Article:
UHY Hacker Young | Chartered Accountants

Latest HMRC guidance on interest, royalties and dividends if the UK leaves the EU without a deal

28 March 2019

The threat of a no deal Brexit is becoming very real as the Prime Minister struggles again this week to get Parliament to agree on her deal.

With tensions and uncertainty rising, HMRC’s guidance published last week provides clarification on what may happen to interest, royalties and dividends with payments flowing between the EU and UK in the event of a no deal Brexit.

Important points to note in the event of a no-deal Brexit are:

  • The way that interest, royalties and dividends are paid between UK and EU companies may change
  • You may be able to claim full or partial exemption or claim back some or all of the tax on interest, royalties and dividends
  • The EU Interest and Royalties Directive (IRD), allowing EU companies to make certain interest and royalties payments within the EU without needing to deduct tax from them, will no longer apply to the UK
  • Some EU member states may start to deduct tax from interest and royalty payments that used to be exempt under the IRD
  • UK companies, and EU companies based in the UK, that make payments of interest and royalties to associated companies in the EU will not need to start deducting tax from these payments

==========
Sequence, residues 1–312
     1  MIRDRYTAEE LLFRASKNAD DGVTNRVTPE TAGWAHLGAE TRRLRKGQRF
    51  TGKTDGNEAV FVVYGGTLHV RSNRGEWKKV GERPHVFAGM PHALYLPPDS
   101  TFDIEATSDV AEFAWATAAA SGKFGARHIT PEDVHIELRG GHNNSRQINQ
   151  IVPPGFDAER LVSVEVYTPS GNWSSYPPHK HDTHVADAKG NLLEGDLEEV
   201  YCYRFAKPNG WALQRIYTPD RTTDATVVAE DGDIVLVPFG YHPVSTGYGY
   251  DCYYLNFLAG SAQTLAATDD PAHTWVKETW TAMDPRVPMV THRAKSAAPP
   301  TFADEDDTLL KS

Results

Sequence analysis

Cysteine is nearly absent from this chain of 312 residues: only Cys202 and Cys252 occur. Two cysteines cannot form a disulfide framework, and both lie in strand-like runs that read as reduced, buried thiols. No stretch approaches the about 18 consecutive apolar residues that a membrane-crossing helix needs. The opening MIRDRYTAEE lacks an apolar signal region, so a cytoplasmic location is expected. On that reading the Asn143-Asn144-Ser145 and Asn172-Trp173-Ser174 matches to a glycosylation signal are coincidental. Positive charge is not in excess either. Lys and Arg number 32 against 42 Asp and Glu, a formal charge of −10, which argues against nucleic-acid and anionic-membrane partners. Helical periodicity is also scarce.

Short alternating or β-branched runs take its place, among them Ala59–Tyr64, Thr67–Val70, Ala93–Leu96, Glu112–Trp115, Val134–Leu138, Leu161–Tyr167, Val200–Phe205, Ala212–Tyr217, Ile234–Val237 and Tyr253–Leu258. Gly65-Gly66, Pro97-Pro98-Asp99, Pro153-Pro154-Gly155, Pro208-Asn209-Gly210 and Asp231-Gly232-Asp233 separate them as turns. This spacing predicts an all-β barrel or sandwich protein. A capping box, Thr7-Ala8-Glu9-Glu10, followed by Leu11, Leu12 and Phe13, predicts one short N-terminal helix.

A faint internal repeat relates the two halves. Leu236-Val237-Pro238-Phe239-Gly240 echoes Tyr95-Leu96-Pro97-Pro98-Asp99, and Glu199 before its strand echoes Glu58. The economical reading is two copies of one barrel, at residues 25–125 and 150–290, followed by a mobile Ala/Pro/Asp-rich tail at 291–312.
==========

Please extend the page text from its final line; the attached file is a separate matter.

• The Parent Subsidiary Directive (PSD), which means that associated companies in different EU member states do not have to deduct tax on certain payments of dividends, will no longer apply 
  • Some EU member states may start to deduct tax from some dividend payments that used to be exempt under the PSD
  •  No effect on dividends paid by UK companies to companies resident in the EU – UK companies may continue to pay their dividends gross

Click here to read the latest guidance in full on HMRC’s website

Can we help?

If you are unsure about how a no deal Brexit could affect you, then we would strongly advise you to contact your local tax adviser. Alternatively, you can contact me on 020 7216 4686, or d.cohen@uhy-uk.com.

To read more about Brexit issues, visit our designated page here.